There’s no question that certain challenges face the senior living industry with the coming wave of baby boomers. But one question that hasn’t yet been answered is: How will a rise in the misuse of medications be addressed?
Prescription drug abuse and misuse by seniors doesn’t get much attention, but with the aging population steadily growing, it’s getting harder to ignore, writes The Wall Street Journal in a recent article.
In a previous study, nearly 50% of seniors reported that their substance abuse relied largely on prescription medications.
“The use and availability of highly addictive medications continues to rise, with very little recognition of the problem,” David Oslin, professor of psychiatry at the University of Pennsylvania’s Perelman School of Medicine, tells the WSJ.
Opiates and antianxiety medications are of particular concern, not just for their addictive potential but also because of the dangers that arise when patients take them for too long. Prolonged use of psychoactive meds such as these has been associated with cognitive decline and depression, according to the Substance Abuse and Mental Health Services Association.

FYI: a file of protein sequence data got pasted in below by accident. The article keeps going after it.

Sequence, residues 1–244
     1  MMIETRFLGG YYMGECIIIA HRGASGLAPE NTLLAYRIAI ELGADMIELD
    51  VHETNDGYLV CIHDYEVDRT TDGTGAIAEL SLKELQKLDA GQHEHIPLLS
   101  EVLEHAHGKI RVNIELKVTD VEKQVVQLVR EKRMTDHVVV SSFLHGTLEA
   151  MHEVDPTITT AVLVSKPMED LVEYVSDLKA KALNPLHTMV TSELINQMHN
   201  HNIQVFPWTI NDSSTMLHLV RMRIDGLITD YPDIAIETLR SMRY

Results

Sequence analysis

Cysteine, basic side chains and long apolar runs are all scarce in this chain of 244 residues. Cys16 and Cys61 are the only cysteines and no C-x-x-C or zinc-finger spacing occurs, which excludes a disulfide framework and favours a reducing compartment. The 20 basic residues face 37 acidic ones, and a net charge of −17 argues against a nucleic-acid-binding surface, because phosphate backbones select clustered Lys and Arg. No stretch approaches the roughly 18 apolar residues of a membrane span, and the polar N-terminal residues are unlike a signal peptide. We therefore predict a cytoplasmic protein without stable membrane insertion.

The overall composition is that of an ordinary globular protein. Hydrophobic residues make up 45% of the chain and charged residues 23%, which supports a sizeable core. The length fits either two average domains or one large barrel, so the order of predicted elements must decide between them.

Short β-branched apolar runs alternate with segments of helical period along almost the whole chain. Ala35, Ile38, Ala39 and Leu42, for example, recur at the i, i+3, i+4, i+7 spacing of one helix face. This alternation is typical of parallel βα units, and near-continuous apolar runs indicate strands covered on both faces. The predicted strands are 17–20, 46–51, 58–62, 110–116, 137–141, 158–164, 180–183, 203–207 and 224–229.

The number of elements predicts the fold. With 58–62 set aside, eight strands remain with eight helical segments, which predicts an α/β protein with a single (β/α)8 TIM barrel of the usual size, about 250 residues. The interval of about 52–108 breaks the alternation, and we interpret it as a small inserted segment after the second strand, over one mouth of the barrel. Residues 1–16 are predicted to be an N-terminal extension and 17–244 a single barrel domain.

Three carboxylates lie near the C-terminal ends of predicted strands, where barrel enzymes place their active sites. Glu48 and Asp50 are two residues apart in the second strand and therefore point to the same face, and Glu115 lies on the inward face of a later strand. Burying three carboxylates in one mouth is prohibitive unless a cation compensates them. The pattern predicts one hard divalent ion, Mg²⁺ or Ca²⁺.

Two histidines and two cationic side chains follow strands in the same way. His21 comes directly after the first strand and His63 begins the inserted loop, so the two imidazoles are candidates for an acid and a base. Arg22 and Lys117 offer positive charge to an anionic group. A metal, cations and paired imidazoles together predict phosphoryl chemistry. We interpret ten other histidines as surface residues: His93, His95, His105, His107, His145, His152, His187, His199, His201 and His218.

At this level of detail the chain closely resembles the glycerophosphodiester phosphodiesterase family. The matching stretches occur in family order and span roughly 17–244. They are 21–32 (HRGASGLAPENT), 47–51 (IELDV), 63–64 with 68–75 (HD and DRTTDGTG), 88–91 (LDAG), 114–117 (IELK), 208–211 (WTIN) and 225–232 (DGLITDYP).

However, physicians sometimes don’t recognize addiction in their patients or fail to recognize the potential for addiction, which may lead to potentially addictive drugs being prescribed for people who have a history of addiction or who have a high risk for addiction.
“Physicians who work in a fee-for-service system and are traditionally paid by procedure are pressed for time, and too often write prescriptions in the interest of time management without knowing the necessary behavioral health background of a patient,” James Huysman, a psychologist and a senior clinical consultant at the Hanley Center, a drug and alcohol treatment center owned by Caron Treatment Centers, tells the WSJ.
As a result, experts in senior care are working to spread awareness of the problem, advocating how health care workers can recognize the signs of addiction and how they can integrate addiction services into medical clinics.
Other nationwide campaigns have sought to end the use of ineffective or unnecessary medications, such as antipsychotic drugs, with some senior housing communities finding that they’re saving millions by weaning residents off these meds.
Although experts in the senior living, geriatric care and addiction fields are working to raise awareness of the issue, addressing the problem largely falls on the shoulders of health care workers who treat the seniors.
“Unfortunately, it’s much easier to take a pill than to exercise or routinely train health care workers to properly treat the pain, anxiety and insomnia often experienced by older adults,” Oslin tells the WSJ.
Written by Emily Study